We go with set pieces. If there is something interesting to encounter, that is when a map gets placed on the table and everyone knows it is an encounter
good stuff - its good to see that there is a lot of variation about what folks are doing
 Do you have the group draw their own? Do you display the map for them?
I feel like i lose so much time into "The corrador branches to the east and the north.  There is a door on the west wall."



I start by using GIMP 2.8 to make a map. On Civfanatics.com, in the Civ5 Mods, there is a "HexesTiles" mesh you can download and "slap over" your map and resize as needed. I like to have them start at a nice town. On the way out of town, there are always 2 events. One is usually an "on the way out of town..." and another is the result of your survival check. I print my "dungeon" as "sectors", if you will. Then I place each "Sector" down one at a time, declaring "Fog of War" as why you can't see the rest.

I used to use whole dungeons, from the classic battlemats, to my own designs. However, I got sick of players anticipating what lies ahead, and messing with different schemes to hide the road. I have tried placing paper over the map and adjusting it as they move, i have tried having a print out map behind the screen and drawing on a battlemat. There is no perfect answer!

On the way there, your first "dungeon" will consist of 2 pieces of paper, one in the plains and one in the forest, you will make a few rolls, and your random encounter will take you to a "blow up minimap" akin to a classic JRPG. Then, you arrive at the cave and I use the "5 room model" to present 5 rooms that offer a challenge.  Lets math this out.  Your first encoutner was in town, a second in the plains, a third in the forest, 5 more in the dungeon. Yup, its called a "shortie" because I can have you get 3 more encounters on the way back to town, one more in town, and usually have time for a second and third dungeon depending on "travel time".

As Merb101 says, I don't often use maps anymore, just "blow up" sections. Most of my players are kind of at the point where they can't be contained on such a map, so no reason to bother.  My games these days tend to have 1 - 3 battles of bigger scale and more damage with very few, if any, "dungeoncrawls".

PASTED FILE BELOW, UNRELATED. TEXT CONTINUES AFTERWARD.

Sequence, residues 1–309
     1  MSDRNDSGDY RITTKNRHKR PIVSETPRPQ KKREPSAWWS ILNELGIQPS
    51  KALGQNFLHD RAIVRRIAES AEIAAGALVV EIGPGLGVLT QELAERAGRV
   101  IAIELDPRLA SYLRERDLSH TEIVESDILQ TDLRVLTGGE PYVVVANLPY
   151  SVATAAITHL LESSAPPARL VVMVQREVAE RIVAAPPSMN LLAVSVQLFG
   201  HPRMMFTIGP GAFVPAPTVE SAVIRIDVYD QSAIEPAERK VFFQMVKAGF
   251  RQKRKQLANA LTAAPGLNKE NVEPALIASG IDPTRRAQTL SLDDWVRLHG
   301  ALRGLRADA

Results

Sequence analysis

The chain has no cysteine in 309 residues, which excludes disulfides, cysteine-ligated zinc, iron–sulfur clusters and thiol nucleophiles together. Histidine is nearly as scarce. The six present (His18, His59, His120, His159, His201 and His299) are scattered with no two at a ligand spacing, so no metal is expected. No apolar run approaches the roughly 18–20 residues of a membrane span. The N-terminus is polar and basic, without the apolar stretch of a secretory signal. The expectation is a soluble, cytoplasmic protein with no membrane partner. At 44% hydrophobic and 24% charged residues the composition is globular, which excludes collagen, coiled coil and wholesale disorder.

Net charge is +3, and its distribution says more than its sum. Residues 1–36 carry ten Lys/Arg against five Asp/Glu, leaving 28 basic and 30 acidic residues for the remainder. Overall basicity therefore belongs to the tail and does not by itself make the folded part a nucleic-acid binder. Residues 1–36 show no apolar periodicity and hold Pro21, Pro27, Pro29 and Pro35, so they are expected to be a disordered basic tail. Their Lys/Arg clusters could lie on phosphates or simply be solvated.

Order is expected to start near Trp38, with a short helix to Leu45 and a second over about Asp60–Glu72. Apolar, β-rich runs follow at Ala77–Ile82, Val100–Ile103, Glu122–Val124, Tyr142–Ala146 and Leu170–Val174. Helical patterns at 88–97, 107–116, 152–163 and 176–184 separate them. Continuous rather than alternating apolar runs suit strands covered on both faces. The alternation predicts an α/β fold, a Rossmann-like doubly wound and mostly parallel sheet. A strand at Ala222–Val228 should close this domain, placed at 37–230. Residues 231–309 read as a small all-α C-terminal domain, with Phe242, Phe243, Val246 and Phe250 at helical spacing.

To each their own!

Within; Without.

 Do you have the group draw their own? Do you display the map for them?

I feel like i lose so much time into "The corrador branches to the east and the north.  There is a door on the west wall."



I have a relatively detailed map in my notes, but we do a narrative at the table. I only draw something when it matters for something. But that "the corrador branchers to the east and north"  stuff is just done verbally and not mapped, if even done at all. Usually I just say something like "You follow a bunch of twists and turns and then something interesting happens". If I include a fork, I'll say "You come to a fork eventually, one way has the sound of the ocean and salty air, another looks extra dark and forboding" or something. Providing "north" if someone asks for it, I guess.

"In a way, you are worse than Krusk"                               " As usual, Krusk comments with assuredness, but lacks the clarity and awareness of what he's talking about"

"Can't say enough how much I agree with Krusk"        "Wow, thank you very much"

"Your advice is the worst"

I have tried it all--drawn maps on sheets of cardboard, laid them out using design programs, printed on wideformat rolls, and laminated textures onto cardboard construction. It's been a lot of fun experimenting. I am currently using hot foam knives and extruded polystyrene. However, not everyone is as crazy as I am for this stuff.

I do not like spending game time describing rooms and have found that providing printed maps gives us all more time for roleplaying and takes the guesswork out of combat. My players really really don't want to see spoilers. If the whole map is on the table, they will pretend not to know what's around the corner, but that's not as much fun for them.

If you want to put it out on the table as you go, you can either use a dry-erase roll out map, draw on a big sheet of paper, or print out room sections. I also have used that--adhere the map to sheets of matboard or cardboard, cut them out, and place them room-by-room as you go.

It really comes down to how important scale maps are to your style of DMing, what will contribute most to your players' enjoyment, and how much time you want to invest in preparation.
My players really really don't want to see spoilers. If the whole map is on the table, they will pretend not to know what's around the corner, but that's not as much fun for them.